Shortly after writing about the pedagogical conundrums that arise when students don’t do the reading, I encountered this passage in Tristram Shandy—which suggests that it’s all part of one big, ever-repeating cycle:
Thus—thus, my fellow-labourers and associates in this great harvest of our learning, now ripening before our eyes; thus it is, by slow steps of casual increase, that our knowledge physical, metaphysical, physiological, polemical, nautical, mathematical, aenigmatical, technical, biographical, romantical, chemical, and obstetrical, with fifty other branches of it, (most of ’em ending as these do, in ical) have for these two last centuries and more, gradually been creeping upwards towards that Akme of their perfections, from which, if we may form a conjecture from the advances of these last seven years, we cannot possibly be far off.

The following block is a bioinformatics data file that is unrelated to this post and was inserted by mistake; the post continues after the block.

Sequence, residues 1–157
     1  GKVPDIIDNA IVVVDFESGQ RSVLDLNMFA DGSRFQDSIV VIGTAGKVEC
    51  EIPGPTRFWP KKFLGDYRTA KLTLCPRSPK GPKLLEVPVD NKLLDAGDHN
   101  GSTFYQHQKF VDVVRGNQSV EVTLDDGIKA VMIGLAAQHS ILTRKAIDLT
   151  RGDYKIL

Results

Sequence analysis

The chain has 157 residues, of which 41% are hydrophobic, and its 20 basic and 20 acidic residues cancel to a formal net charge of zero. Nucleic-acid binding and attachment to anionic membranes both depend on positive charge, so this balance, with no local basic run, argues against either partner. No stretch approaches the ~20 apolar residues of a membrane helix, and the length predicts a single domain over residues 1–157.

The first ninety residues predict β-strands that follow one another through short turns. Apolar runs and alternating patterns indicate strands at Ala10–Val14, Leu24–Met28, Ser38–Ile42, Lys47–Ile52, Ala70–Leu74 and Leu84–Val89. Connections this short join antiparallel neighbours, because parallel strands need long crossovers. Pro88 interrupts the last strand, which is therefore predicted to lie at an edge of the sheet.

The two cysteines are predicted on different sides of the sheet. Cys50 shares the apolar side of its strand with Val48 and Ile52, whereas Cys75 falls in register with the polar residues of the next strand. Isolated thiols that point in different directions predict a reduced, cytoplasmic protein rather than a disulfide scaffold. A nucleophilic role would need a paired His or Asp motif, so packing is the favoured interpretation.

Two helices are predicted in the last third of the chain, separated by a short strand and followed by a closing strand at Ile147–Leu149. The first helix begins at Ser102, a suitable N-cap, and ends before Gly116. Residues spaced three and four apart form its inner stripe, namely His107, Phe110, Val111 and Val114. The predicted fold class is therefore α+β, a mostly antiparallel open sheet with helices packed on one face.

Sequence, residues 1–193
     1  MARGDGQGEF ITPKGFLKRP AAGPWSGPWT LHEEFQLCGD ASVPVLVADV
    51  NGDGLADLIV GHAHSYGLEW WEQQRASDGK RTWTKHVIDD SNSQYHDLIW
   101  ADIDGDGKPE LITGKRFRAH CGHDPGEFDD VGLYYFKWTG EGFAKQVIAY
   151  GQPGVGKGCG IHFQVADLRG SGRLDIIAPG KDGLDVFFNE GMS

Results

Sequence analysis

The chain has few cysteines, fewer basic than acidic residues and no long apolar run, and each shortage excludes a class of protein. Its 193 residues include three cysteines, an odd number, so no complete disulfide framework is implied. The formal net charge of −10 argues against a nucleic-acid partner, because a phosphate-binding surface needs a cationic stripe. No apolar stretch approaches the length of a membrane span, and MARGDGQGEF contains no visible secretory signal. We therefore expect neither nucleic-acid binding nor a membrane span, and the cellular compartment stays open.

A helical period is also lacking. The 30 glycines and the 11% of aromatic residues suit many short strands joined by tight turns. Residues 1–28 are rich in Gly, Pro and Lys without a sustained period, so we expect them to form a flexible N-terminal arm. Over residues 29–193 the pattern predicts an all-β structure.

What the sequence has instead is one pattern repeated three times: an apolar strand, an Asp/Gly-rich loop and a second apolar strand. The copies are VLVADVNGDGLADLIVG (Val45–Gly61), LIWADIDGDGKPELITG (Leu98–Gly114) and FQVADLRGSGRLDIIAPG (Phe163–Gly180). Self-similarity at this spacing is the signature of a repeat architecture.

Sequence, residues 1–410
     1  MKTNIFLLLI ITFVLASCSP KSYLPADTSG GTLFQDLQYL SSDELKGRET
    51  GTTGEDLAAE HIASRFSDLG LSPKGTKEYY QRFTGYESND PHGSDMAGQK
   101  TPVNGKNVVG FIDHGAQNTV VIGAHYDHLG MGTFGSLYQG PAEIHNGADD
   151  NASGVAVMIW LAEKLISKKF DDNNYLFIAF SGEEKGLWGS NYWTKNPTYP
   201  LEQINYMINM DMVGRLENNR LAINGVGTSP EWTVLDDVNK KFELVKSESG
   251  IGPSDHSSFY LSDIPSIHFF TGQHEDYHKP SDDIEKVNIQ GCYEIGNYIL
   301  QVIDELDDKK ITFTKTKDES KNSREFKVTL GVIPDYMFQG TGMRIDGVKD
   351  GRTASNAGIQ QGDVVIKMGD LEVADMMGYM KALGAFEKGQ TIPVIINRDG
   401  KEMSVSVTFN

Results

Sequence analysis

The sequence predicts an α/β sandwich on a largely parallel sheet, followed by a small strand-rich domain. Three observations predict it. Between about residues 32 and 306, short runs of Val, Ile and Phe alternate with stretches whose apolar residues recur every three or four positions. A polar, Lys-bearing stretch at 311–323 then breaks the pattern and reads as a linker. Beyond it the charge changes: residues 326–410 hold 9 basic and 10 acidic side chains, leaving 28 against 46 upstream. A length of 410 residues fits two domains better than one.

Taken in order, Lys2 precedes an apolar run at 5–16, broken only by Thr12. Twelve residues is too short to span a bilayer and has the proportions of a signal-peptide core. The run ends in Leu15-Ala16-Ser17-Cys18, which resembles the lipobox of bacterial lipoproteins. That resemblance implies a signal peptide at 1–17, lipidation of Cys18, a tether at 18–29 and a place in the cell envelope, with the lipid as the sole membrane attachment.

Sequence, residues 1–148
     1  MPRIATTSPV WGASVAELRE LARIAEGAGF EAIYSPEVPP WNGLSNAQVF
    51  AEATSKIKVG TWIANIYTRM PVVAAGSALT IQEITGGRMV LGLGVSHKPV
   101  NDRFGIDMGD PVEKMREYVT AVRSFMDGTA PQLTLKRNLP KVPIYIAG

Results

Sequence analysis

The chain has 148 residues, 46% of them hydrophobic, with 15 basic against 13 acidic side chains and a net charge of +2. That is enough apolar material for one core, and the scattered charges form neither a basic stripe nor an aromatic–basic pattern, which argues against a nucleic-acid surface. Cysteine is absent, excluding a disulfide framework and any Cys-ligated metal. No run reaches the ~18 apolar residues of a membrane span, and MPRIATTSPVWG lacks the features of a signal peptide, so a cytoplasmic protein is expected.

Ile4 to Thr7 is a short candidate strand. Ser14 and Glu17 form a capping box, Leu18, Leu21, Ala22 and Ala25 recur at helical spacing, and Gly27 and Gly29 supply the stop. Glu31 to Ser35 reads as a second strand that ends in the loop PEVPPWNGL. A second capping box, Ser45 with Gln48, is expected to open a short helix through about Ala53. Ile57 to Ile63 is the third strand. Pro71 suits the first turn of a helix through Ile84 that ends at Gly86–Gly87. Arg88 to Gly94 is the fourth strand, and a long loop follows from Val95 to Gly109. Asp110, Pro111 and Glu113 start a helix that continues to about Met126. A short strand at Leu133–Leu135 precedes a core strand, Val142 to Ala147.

When that happens, it is to be hoped, it will put an end to all kind of writings whatsoever;—the want of all kind of writing will put an end to all kind of reading;—and that in time, As war begets poverty; poverty peace,—must, in course, put an end to all kind of knowledge,—and then—we shall have all to begin over again; or, in other words, be exactly where we started.
—Happy! Thrice happy times!
Except that in our perhaps less happy times, the chain of causality is reversed, with the end of reading portending the end of writing–and, with that, the end of all kinds of knowledge–physical, metaphysical, physiological, polemical, nautical, mathematical, enigmatical, technical, biographical, romantical, chemical, and if not, obstetrical, then many other branches of knowledge ending in ical.